I would first study the normal single variable topics. Have you covered integration by parts, by partial fractions, Taylor series, calculus in polar coordinates, and two dimensional parametric equations? If you have covered all of the AP BC curriculum, then multivariable would be a good step. Certainly you could skip to multivariable calc, but there is a lot of single variable calculus beyond what is covered in an AP AB class (which most are).

As for the definitions of continuity and differentiability, unless there's some field of mathematics I'm unaware of which delves into great detail on those subjects, we dealt with those months ago. To the best of my knowledge, I know those things inside out and backwards to the fullest extent which they provide. At least conceptually.

Topology. Even without going into the generality of topology, there is a lot to think about with continuity that you have not considered. Sure, conceptually it is easy, but math is about the details. If you want an idea, check out baby Rudin (you can find it without buying the copy on amazon). It isn't the easiest intro though. I wouldn't really consider calculus at this level until after some multivariable calculus. Usually this level of rigor isn't attempted until after the normal three semesters of calculus.

We've just completed the AP AB calc curriculum. Very exciting. And yeah, the differential section was very sparse.
And I have a calculus book in which is found all of those concepts, which I'm reading. Started Taylor series'. Are they similar to Fourier series'? (I think that's what it is, where you form trig functions of graphs which are not functions, due to vertical segments, right?) Approximating a function with a converging series, or something.

And holy mackerel, you're right! I never though of that. Four dimensional shape . . . took a little thought, but that makes complete sense. So conceptually, I'd have to multiply the length of one of the infinitesimals by the length of the corresponding one on the other function . . . and then . . . the length of the . . . third dimension . . .agh my brain.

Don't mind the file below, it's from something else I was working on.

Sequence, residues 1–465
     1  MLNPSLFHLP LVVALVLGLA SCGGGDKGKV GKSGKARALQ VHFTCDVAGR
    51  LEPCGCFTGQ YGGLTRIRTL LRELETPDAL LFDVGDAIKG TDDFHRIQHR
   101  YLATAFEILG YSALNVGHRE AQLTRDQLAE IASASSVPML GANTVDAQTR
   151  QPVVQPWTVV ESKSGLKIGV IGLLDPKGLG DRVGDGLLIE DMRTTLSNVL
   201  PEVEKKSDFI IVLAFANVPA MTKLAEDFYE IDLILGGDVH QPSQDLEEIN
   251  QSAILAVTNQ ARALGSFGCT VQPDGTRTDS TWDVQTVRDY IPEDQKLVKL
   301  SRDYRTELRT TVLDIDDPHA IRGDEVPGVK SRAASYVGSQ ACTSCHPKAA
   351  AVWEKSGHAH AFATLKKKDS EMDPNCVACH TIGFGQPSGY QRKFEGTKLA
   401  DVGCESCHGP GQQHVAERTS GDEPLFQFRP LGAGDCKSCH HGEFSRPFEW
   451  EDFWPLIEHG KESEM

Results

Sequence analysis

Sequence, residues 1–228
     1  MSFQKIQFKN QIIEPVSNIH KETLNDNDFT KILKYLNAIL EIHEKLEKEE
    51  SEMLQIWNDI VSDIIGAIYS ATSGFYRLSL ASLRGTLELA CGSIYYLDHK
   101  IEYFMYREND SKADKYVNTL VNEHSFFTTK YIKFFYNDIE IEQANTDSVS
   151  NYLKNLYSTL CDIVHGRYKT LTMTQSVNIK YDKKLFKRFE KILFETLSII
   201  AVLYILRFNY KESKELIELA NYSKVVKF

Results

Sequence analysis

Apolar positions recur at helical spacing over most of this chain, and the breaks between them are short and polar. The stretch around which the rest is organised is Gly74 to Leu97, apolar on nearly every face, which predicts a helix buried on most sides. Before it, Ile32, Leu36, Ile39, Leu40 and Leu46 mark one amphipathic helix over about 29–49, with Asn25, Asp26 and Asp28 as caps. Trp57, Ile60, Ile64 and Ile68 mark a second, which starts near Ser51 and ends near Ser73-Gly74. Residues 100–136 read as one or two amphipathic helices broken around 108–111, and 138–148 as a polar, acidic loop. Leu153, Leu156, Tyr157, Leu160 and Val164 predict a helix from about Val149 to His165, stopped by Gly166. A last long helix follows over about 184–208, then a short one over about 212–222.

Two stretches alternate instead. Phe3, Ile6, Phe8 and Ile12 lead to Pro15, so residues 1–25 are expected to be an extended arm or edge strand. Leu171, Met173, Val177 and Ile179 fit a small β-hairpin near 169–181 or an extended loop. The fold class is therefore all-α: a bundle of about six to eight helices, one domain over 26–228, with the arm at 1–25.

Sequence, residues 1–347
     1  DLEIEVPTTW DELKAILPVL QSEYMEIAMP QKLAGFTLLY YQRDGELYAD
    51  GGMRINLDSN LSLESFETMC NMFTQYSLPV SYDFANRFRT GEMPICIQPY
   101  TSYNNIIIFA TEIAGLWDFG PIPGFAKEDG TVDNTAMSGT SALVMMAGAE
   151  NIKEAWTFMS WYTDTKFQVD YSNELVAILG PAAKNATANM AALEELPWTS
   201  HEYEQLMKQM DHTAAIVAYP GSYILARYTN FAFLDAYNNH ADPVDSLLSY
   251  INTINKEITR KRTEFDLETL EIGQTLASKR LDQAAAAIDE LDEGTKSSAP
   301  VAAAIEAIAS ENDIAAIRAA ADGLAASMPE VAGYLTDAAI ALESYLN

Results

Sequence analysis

I'll look into double integrals. It'd take a better mind than mine to figure out how to do it without outside help. :) Though I desperately want to try, I just don't have a depth of knowledge in mathematics. Like I still don't know why the $dx$ is necessary in an integral. It's actually kinda silly that we don't go into the actual notation - I had to look up on my own to find that $d$ doesn't mean derivative, it means "an infinitesimally small bit of." Even knowing that, I still have no idea what $\frac{d}{dx}$ actually means, even though it's the same as $\frac{dy}{dx}$, which I understand conceptually. Nor can I see how $d[f(x)]$ is equivalent to $f'(x)$. You know what I'm saying? I know they all mean derivative, but I don't know what each one represents conceptually. And without that, all I know is how to do the stuff, not why, which is useless when it comes to actual thought instead of just solving homework problems.

1. How are three-dimensional shapes represented with functions?

In mathematics, three-dimensional shapes can be represented using functions such as parametric equations or implicit equations. These equations describe the relationship between three coordinates (x, y, z) and can be graphed to create a visual representation of the shape.

2. What is the purpose of integrating when representing three-dimensional shapes?

Integrating is used to find the volume and surface area of three-dimensional shapes. By using integration, we can calculate the area under a curve or the volume of a solid, which are important properties of three-dimensional shapes.

3. Can any three-dimensional shape be represented with a function?

No, not all three-dimensional shapes can be represented with a function. Some shapes, such as fractals or irregular shapes, may require more complex equations or a combination of functions to accurately represent them.

4. How do you integrate a function to find the volume of a three-dimensional shape?

To find the volume of a three-dimensional shape, we use a method called triple integration. This involves integrating the function with respect to x, y, and z, within the boundaries of the shape. The resulting value will be the volume of the shape.

5. Are there any real-world applications of representing three-dimensional shapes with functions and integrating?

Yes, there are many real-world applications of using functions and integration to represent three-dimensional shapes. For example, in engineering and architecture, these techniques are used to design and analyze structures, while in physics and chemistry, they are used to model and understand complex systems and molecules.